Apply a coat of polyurethane and let dry. Ventilation is preferable during this step. Hanging a sheet to close off the room can work if you were to, hypothetically, attempt to do this in the middle of winter. Repeat this step 5-6 times.

Admire your work. Allow time to set.

Easily repaired with a little glue, a piece of paper and more poly.

 ~Luke Holzmann
Filmmaker, Writer, Empty Nester

Tuesday, January 05, 2010

The Cost of Christianity: Forgiveness

In church you hear one message: Turn to Jesus as your savior because He makes everything better. Sure, life still has it's ups and downs. But wouldn't you rather have God on your side through that?

Faith in Jesus saves. No more need for thought. You want saving, don't you?

If you answer, "Not yet," then we adjourn until next week. If you answer, "Yes," then we say the prayer. You can come back next week where you'll again hear the wonders of walking with Christ.

At the moment, I'm sick of it. I'm done. Count me out of such pathetic religious babble. I've had enough.

Becoming Christ-like is nothing like that.

So what is the cost of following Christ? I've heard of things like giving up porn, abandoning alcohol, reducing your rage, and surrendering your ambitions. And I'm sure there is a part of this that includes all of that. But that's not where I am at the moment. No, tonight I'm a lot more basic than that. I'm near square one: Forgiveness.

"Will you forgive me?" she asks, not daring to come closer.

"I don't know," I spit. "That's asking a lot of me."

"I know," she breathes.

I stew. The pain, the anger, the frustration. It's all there, very real. I want to hate her. I want to be furious. I want to feel this way forever because... because I have the right to. It may be petty, but it's real. Very real. "I have to eat this if I forgive you."

"It sounds very bitter."

"It is."

"I don't want it to choke you. Is there a way that it doesn't have to choke you or be bitter?" She really wants to know. It would hurt her too much if it choked me. And she can't bear more bitterness.

Bible truths start nudging my brain. These aren't lessons you learn in Sunday School. These aren't messages you hear from the pulpit. You've heard about your need for forgiveness. You've been told over and over again that you forgive because of how much you have been forgiven. You can even remember a time when someone told you that your ability to forgive rests on God's ability to take care of you and take that burden from you.

But I want to hold this burden. I want to choke on the bitterness of forgiveness. I want to be crushed under the weight of the wrong done to me. I don't want it to go away. I certainly don't want it replaced with something like intimacy and fondness. Even the thought of those words makes me want to spit.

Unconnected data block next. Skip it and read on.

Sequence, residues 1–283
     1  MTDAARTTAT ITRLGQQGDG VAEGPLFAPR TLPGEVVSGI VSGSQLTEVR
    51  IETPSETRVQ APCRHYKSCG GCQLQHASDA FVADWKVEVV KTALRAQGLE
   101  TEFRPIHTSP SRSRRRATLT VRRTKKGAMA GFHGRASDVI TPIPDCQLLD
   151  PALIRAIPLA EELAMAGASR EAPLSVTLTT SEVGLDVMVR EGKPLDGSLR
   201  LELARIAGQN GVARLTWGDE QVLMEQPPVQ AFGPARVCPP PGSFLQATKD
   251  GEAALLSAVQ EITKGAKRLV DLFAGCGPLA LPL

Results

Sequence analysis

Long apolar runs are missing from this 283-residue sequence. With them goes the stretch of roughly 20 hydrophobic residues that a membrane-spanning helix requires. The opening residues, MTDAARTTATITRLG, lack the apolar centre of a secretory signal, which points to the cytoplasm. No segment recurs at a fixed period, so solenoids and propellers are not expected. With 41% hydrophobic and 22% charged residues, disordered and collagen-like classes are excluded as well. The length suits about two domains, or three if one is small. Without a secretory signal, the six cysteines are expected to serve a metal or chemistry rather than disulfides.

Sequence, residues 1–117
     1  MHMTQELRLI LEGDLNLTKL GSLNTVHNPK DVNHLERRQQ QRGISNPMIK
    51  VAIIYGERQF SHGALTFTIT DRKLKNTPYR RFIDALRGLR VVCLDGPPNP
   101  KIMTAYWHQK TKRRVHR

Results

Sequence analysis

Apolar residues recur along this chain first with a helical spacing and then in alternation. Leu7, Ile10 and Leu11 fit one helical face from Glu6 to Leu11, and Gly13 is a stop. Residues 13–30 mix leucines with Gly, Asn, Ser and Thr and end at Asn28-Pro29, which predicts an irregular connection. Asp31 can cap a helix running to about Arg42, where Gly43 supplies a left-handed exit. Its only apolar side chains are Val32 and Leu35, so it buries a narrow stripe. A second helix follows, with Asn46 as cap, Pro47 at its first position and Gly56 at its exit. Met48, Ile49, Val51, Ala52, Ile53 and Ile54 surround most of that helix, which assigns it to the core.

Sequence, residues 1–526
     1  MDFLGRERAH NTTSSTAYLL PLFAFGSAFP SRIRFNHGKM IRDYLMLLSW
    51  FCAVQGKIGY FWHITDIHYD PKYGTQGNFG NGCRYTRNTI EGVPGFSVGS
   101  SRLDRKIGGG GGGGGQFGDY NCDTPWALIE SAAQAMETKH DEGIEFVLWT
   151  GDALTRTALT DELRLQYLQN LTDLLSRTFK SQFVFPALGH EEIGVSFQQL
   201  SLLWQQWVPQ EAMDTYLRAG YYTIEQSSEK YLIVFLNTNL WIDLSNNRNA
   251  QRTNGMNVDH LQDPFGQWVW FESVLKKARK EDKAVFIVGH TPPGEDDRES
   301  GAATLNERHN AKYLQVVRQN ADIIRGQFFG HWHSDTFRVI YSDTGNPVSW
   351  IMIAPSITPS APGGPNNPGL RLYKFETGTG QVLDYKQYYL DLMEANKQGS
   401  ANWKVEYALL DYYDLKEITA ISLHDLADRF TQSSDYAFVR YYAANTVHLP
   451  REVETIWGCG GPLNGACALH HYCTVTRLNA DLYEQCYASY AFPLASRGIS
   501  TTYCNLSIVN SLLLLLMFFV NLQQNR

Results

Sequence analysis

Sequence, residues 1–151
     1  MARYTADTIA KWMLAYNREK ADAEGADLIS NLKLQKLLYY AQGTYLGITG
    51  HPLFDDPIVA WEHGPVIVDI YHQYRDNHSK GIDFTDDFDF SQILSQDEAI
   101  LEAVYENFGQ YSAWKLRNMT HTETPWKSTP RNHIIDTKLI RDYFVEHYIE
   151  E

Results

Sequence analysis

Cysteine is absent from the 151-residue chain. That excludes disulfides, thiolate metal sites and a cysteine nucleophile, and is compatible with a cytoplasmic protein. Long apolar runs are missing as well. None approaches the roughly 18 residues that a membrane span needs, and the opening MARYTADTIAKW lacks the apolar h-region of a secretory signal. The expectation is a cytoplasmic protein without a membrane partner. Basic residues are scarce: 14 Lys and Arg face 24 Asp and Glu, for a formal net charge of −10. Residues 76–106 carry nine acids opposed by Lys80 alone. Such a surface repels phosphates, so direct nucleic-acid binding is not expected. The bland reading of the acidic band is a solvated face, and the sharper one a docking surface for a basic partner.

And this, I realize as I stew silently, is why there is no transforming power of Christ in my life. This--and other things like it--are what make Christianity so impotent in my life. This is why I see no power, no heart change, no awesomeness in following Christ. This is why Christianity is simply so hard for me to share: Because it costs so stinkin' much! And if I'm not willing to make the payments, I'm certainly not going to ask someone else to do the same.

"I forgive you," I grumble. I'm a man of my word, and if I'm going to follow, I'm going to follow... even if it's terrible. Even if it costs too much. Even if it isn't worth it.

I cling to the burden a moment more, feeling Christ gently prying it from my hands. I scream, 'I don't want to let You have this!' I curse at my Savior. I swear at the One who forgave me. I scream profanity in the face of Him who promises to repay whatever I'm going to lose in this exchange of forgiving.

I'm feeling the cost.

It hurts. This is faith in action, and it hurts.

I let go.

The world, sadly, doesn't crumble. My wife slides closer and puts her arms around me. Life can go on. I've exchanged my pain, anger and frustration for forgiveness. Christ's blood has covered the difference. I paid the price of following Christ and He paid me back with more. Much more.

But it wasn't fun. It wasn't nice. It was worse than paying a needless bank fine. It was awful. Horrible. Terrible.

But here I am, a couple hours later, writing about it. And not in a vehement, vengeful, violent way. I'm okay. I'm okay in way that I wouldn't have been years ago before God started working this forgiveness thing with me.


A few months ago I almost wrote a piece about the ineffective nature of Christianity. I was going to argue, and argue well, that if we could just grasp one simple concept, we would be perfect. It was this easy:

Realize that, no matter what, you'll be okay. Even if you're not okay, you'll be dead and, therefore, okay. So just let everything roll off you.

If we could do that, I'm convinced, we'd be fine. Wars would end. Hatred and rage would cease. Generosity would flow. The world would experience harmony and love the likes of which has not been seen since the Fall.

...but I realized something tonight: That can't happen. When we let things "roll off" we forgive. We take that burden. We eat that cost. And it is heavy. It is bitter. And if we have no place to put it, nothing to pay us back, then we just carry it ourselves and become overwhelmed.

This is why Christianity is so powerful: We have a God who offers to carry those burdens, to replace the bitter drink with a cup full of good things... like intimacy and fondness.

The cost of following Christ is great. But the payoff is worth so much more.

And I think I may just be beginning to understand these things...

 ~Luke Holzmann
Filmmaker, Writer, Expectant Father